The B&H Guide to Telephone Interviews


Interviews conducted over a telephone are so deeply woven into the fabric of our everyday lives that it's difficult to imagine talk radio or the evening news without them. Telephone interviews are critical in the production of documentary films, audio and video podcasting, and they are almost as widely used in journalism as the pad and the pen.

But how does one get access to the audio of a telephone? The task itself seems like it should be straightforward, but the complexities and variables of telecommunication make it not so. That's why the B&H Pro Audio staff can help. By exercising a little know-how and using the proper equipment, you can make professional-sounding recordings from a telephone in no time.

Recording telephone interviews represents a challenge for everyone because the quality of telephone audio itself is really poor. Your first instinct may be to use a speakerphone and record your conversation with a microphone. The resultant quality of this crude technique is going to be low, and you'll likely miss many of the nuances of the conversation. Plus, interviewees usually don't let their guard down when they know they're on a speakerphone. In order to capture intelligible, presentable, and intimate dialog, the tool to have is a Telephone Audio Interface.

 Important Note:
Various laws regulate recording a conversation whether with or without the permission of all or some of the parties to the conversation. We recommend that you seek competent legal advice from an attorney to determine what, if any, legal requirements or restrictions apply to your activities.

In this guide we're going to show you how to interview from two different kinds of telephones:

1) Land-line telephones
2) Mobile phones

Different kinds of equipment are required for land-line and mobile telephones. You must first determine with which kind of telephone you intend working, and zero in on the appropriate telephone interface for your needs. This guide will show you step-by-step how to use the least expensive telephone interface in each category, and show you the benefits you gain by using a more robust model.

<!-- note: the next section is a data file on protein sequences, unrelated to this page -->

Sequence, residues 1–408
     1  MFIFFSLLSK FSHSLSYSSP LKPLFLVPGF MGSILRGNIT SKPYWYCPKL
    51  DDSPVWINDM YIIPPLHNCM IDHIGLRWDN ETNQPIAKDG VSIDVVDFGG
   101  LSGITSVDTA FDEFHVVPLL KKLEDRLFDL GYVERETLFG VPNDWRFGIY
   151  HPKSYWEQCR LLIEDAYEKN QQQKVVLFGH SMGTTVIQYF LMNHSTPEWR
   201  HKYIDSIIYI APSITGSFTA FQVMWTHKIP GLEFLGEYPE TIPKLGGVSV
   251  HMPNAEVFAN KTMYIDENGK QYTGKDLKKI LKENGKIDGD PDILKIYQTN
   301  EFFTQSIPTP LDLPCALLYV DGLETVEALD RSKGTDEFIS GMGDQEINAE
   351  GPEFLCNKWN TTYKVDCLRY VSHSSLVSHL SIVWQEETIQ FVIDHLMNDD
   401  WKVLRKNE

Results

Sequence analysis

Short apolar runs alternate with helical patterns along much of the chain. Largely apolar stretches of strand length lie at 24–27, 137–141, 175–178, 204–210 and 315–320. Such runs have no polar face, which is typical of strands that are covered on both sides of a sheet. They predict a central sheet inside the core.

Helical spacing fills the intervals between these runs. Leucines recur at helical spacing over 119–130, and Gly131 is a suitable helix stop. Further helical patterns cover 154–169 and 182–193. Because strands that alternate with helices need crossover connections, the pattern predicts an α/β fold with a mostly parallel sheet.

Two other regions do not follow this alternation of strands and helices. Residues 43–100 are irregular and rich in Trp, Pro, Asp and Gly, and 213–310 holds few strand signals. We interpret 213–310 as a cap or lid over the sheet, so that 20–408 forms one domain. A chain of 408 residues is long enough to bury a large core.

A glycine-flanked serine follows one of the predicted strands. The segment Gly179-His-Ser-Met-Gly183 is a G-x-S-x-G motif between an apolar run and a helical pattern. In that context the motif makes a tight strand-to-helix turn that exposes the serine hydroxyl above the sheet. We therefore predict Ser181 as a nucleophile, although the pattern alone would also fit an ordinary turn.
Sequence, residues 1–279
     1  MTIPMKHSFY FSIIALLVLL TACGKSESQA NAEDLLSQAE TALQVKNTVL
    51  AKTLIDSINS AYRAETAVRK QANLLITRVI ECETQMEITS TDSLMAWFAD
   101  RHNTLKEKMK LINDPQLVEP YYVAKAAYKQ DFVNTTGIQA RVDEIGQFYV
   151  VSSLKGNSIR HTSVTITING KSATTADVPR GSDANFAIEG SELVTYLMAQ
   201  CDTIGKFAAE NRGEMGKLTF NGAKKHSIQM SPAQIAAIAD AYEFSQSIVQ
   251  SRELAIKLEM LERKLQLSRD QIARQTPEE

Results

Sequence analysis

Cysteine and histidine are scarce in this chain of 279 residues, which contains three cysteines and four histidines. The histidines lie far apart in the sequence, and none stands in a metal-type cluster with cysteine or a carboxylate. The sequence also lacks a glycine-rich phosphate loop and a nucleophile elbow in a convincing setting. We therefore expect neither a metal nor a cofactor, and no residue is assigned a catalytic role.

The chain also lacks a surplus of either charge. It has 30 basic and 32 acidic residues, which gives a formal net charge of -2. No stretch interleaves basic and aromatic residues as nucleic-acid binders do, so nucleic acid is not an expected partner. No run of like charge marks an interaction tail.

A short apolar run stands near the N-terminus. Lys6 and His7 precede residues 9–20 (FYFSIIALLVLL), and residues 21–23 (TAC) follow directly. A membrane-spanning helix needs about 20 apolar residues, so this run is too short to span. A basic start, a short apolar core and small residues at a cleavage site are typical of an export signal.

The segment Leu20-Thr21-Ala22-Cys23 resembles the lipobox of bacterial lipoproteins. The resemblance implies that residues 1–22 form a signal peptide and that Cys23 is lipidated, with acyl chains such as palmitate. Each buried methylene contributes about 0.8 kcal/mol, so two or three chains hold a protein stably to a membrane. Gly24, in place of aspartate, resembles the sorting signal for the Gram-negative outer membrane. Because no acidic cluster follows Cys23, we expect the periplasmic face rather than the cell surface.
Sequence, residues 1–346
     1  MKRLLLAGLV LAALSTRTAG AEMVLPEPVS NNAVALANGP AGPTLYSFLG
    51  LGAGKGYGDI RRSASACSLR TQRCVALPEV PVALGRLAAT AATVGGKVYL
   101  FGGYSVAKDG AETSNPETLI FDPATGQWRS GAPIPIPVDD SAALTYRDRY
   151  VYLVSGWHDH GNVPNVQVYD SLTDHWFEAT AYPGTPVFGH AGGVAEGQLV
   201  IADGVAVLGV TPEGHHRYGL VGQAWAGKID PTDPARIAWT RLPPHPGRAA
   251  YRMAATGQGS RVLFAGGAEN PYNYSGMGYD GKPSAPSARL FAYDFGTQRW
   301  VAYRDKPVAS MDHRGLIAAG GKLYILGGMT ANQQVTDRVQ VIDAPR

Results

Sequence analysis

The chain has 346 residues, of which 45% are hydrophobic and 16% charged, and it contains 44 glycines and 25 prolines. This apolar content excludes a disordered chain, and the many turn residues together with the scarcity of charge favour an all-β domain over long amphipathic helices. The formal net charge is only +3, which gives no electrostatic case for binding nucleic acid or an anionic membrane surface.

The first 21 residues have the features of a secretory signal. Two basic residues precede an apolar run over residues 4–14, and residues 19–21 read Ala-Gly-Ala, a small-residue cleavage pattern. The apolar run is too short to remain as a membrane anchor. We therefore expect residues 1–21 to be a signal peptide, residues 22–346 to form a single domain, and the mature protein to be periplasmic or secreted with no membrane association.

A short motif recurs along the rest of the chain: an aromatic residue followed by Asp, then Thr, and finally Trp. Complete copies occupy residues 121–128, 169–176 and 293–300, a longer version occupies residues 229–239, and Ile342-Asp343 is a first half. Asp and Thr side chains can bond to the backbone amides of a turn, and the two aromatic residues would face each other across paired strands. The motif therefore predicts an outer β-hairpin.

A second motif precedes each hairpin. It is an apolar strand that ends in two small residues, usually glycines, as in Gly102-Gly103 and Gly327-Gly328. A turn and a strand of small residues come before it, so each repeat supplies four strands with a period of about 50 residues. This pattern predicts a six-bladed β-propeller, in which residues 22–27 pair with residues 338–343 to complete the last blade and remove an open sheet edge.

Land-line telephone

Your typical wired home or office telephone is now commonly referred to as a “land-line” phone. The least expensive device for interviewing over a land-line telephone is the QuickTap from JK Audio. In order to successfully use a QuickTap, there are a few guidelines that must be adhered to:

1) You cannot use a cordless phone;
2) You cannot use a wired telephone that has the keypad built into the handset;
3) You cannot use the speakerphone while interviewing.

Most wired home or office telephones should work fine. The majority of these telephone interfaces are passive devices that require no battery or AC power!


Step-by-step instructions

1) Make sure the phone operates properly while plugged in normally.

2) Unplug the handset's coiled wire from the body of the phone and plug it into the “Handset” input on the QuickTap:

3) With the supplied telephone cable, plug the “Phone” output of the QuickTap into the handset input on the base of the telephone:


4) Plug the supplied audio cable into the output labeled “Audio from phone:”